Historical essay
Pandemic Parenting and the Lessons of Nineteenth-Century Romantic Friendship

Pandemic Parenting and the Lessons of Nineteenth-Century Romantic Friendship

Alison Clark Efford

When Mathilde Franziska Anneke and Mary Booth found their lives crumbling in 1860, they packed up their three youngest children and moved from Milwaukee, Wisconsin, to Zürich, Switzerland.[1] Mathilde and Mary were unusual. It was not common for two women to raise children together and leave a record of their intense affection for one another. But nineteenth-century Americans generally accepted the propriety of “romantic friendships,” a form of relationship that defies today’s categories of lesbian or straight, sexual or platonic.[2] I was finishing up a book on Mathilde and Mary with Viktorija Bilic when the COVID-19 pandemic first hit. Scrambling to teach online with a seven-year-old stuck at home, I was open to anything I could learn from nineteenth-century romantic friendship.

It was perhaps inevitable I would identify with Mathilde. In 1860, she was the same age I am now, forty-two. Like me, she was a privileged white newcomer to Milwaukee who built a career around writing and teaching. She took parenting as seriously as I do – less the twenty-first-century angst.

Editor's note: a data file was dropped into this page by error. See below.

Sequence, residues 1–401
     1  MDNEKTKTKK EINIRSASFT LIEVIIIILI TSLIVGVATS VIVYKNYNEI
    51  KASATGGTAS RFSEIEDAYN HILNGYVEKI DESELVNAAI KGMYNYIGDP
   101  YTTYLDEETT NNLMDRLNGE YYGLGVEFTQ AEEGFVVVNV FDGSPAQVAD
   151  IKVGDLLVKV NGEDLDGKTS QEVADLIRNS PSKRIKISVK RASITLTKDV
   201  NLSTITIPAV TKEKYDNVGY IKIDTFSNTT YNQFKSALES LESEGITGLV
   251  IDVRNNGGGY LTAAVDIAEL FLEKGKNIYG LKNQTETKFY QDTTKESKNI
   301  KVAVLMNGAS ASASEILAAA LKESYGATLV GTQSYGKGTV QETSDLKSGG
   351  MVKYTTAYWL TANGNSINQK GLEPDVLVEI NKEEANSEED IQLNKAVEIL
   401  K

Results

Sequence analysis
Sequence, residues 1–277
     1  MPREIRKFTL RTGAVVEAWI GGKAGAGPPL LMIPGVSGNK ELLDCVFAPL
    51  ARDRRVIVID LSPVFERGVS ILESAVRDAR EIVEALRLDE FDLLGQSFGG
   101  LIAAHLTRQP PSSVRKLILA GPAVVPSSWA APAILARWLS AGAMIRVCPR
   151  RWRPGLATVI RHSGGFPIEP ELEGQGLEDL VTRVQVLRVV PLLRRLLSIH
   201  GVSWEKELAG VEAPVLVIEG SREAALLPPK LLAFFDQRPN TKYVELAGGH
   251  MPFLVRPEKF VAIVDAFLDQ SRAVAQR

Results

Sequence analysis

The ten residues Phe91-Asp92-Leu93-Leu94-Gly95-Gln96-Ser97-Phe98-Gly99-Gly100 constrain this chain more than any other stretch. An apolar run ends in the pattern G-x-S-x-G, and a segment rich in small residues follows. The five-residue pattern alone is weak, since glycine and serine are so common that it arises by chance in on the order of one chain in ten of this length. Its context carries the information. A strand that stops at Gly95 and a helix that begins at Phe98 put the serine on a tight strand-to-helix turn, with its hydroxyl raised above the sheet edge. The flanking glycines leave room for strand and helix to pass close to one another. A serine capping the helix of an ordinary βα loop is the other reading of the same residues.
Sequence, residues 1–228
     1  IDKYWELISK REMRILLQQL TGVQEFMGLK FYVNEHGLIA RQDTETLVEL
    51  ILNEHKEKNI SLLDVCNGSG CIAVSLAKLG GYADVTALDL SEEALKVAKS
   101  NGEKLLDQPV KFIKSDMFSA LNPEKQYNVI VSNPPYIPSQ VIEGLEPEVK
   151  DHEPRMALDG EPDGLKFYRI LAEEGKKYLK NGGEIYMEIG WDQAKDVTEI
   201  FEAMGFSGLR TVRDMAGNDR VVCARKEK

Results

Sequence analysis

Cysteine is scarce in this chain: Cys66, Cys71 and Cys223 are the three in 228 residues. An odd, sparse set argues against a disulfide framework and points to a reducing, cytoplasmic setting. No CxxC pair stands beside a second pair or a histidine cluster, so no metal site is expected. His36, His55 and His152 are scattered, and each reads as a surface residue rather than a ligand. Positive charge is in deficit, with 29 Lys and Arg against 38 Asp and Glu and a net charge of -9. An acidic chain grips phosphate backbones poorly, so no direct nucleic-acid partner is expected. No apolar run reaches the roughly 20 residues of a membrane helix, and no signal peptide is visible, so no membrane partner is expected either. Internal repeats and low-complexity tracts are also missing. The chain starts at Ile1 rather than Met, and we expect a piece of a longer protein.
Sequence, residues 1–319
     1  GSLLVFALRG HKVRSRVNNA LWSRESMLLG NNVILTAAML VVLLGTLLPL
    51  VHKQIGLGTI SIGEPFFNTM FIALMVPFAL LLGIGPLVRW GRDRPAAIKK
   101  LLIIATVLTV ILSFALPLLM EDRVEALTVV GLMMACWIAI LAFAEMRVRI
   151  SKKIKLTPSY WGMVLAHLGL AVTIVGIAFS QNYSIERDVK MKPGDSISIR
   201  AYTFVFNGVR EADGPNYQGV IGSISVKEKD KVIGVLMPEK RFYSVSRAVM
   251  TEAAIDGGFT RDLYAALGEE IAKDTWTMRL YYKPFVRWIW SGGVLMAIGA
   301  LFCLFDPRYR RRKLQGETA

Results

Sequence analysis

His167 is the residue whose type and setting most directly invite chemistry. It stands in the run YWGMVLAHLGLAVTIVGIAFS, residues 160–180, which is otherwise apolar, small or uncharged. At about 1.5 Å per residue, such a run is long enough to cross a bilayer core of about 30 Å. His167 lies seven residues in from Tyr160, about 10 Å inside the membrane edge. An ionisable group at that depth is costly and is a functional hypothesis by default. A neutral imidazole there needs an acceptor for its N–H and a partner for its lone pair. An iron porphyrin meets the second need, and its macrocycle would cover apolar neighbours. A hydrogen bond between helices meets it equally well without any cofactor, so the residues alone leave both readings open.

It is fanciful, of course, to identify with a nineteenth-century revolutionary, feminist, and abolitionist. Mathilde began writing in support of women’s rights after extracting herself from a violent marriage in her early twenties. During the unsuccessful German Revolutions of 1848–1849, she edited a dissenting newspaper and joined her second husband fighting in Baden, just weeks after giving birth. When Mary met her in the late 1850s, she compared Mathilde to Joan of Arc. Later in life, Mathilde would serve as a founding vice president of the US National Woman Suffrage Association (1869) and help form an all-female section of the International Workers Association (1876).[3] Let’s be clear, I’m no Mathilde.

Mathilde Franziska Anneke on a horse
Mathilde Franziska Anneke, pictured here participating in the fight for a German republic in 1849, enjoyed an intense, cohabiting relationship with Mary Booth between 1859 and 1865. (Courtesy of Landesarchiv Baden-Württemberg)

Mathilde and Mary also faced obstacles I will never encounter. Over the course of the 1850s, Mathilde fled Europe for the United States, lost four children to disease, saw her feminist newspaper fold, and grew apart from her new husband. Being middle-class insulated her somewhat, but being a woman was a distinct disadvantage. Mathilde wrote prolifically, but editors did not always pay her for her work, apparently because of her gender. Mary, for her part, became convinced that her famous abolitionist husband, Sherman Booth, was guilty of raping a fourteen-year-old girl. As she endured his public trial for “seduction,” Mary was experiencing symptoms of tuberculosis and other ailments.